The scientific name of stinging nettle is Urtica dioica, and the plant is one of six subspecies within the Urtica genus. The native range of stinging nettle. Also known as common nettle in some places, is extensive, including Africa, Europe, Asia, and North America.
Nettle (also known as Stinging Nettles) has been used for centuries to treat allergy symptoms. Particularly hayfever which is the most common allergy problem. It contains biologically active compounds that reduce inflammation.
The health benefits of stinging nettle include its ability to detoxify the body, improve metabolic efficiency, boost immune health, increase circulation, improve energy levels, manage menstruation, minimize menopausal symptoms, heal skin conditions, protect kidney and gallbladder health, lower inflammation, increase muscle mass, regulate hormonal activity, prevent diabetes, lower blood pressure, soothe hemorrhoids, and improve respiratory conditions.
Arthritis (Stinging Nettle)
Nettle leaves are used to treat painful symptoms of arthritis, gout, rheumatism, and soft tissue conditions such as fibromyalgia and tendonitis. Patients with Lupus and other auto-immune disorders suffering from joint pain experience relief from drinking a cup of nettle tea or eating stewed nettle leaves daily. Its diuretic action alkalizes and releases uric acid from the joints of gout patients eliminating pain.
Taken orally, products made from nettle’s aerial parts may interfere with the body’s production of prostaglandins and other inflammation-causing chemicals. Nettle have an anti-inflammatory effect, reduce the feeling of pain or interfere with the way that nerves send pain signals. All of these effects may reduce the pain and stiffness of arthritis and other similar conditions.
Stinging nettle leaves have been used both as an herbal treatment and a homeopathic remedy for the relief of nettle allergies such as asthma, hay fever, hives and other allergic dermatitis.
Decongestants, antihistamines, allergy shots and even prescription medications treat only the symptoms of allergies and tend to lose effectiveness over a period of time. They can also cause drowsiness, dry sinuses, insomnia and high blood pressure. Nettle has none of these side effects. It can be used on a regular basis and has an impressive number of other benefits.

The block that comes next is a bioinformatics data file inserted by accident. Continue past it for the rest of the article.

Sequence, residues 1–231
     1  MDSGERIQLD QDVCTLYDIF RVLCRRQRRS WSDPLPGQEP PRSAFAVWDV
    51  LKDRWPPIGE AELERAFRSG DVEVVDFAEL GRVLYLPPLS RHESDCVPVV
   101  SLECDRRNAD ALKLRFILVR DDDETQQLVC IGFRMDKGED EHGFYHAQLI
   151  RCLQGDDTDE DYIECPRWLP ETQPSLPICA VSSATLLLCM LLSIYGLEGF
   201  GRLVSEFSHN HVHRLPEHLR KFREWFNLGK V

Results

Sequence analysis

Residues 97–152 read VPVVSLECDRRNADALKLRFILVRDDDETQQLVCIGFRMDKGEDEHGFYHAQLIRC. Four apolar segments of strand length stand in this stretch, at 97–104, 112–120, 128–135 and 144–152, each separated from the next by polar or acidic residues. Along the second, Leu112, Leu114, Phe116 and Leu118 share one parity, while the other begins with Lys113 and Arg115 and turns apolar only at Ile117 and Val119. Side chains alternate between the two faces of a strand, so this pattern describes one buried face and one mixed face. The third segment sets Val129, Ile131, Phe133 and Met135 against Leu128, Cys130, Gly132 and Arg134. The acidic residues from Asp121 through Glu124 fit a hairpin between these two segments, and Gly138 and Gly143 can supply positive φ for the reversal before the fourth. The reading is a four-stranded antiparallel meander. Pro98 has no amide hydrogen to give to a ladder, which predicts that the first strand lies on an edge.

Consuming stinging nettle tea may help prevent seasonal allergies. Or improve symptoms such as sneezing and itching caused by allergic rhinitis if you already have this problem.
Stinging nettles are helpful for bladder and urinary tract function in both sexes. The tea acts as a natural diuretic, increases urination and helps break down kidney stones. Nettles acts as a pelvic decongestant and reduces an enlarged prostate.
The wide range of beneficial nutrients found in stinging nettle make it an ideal detoxifier for the body. As a diuretic substance, stinging nettle can also ensure that those toxins being neutralized in the body are then eliminated quickly. Stinging nettle is also known as an alterative, meaning that it can improve the nutrient uptake efficiency of the gut and ensure that the digestive processes run smoothly, thereby preventing the accumulation of dangerous toxins. Stimulates the lymphatic system, helping to rid the body of excess toxins in the kidneys.
Benefits for women
Stinging nettle has a number of active components that affect feminine health. For painful premenstrual symptoms, stinging nettle can soothe cramping and bloating, while also minimizing blood flow during menstruation due to its astringent capabilities. For women undergoing menopause. Stinging nettle is also useful as it can smooth the transition and act as a restorative so the hormonal shift isn’t as dramatic in the body. It’s often used in herbal tonics to remove fibroids and regulate the menstrual flow.
Nettle is high in iron making it excellent for combating anemia and fatigue. It supports the liver and the female hormonal system. Pregnant women benefit from stinging nettle as it protects against bleeding and strengthens the fetus. Known as a galactagogue, it promotes milk production in nursing mothers.
The combination of high vitamin C and iron content in stinging nettle makes it ideal for stimulating red blood cell production. Vitamin C optimizes iron uptake in the gut, while iron is a crucial component of hemoglobin. By increasing the RBC count in the body, circulation increases, wound healing speeds up, and the body’s extremities receive essential oxygenation to boost energy levels.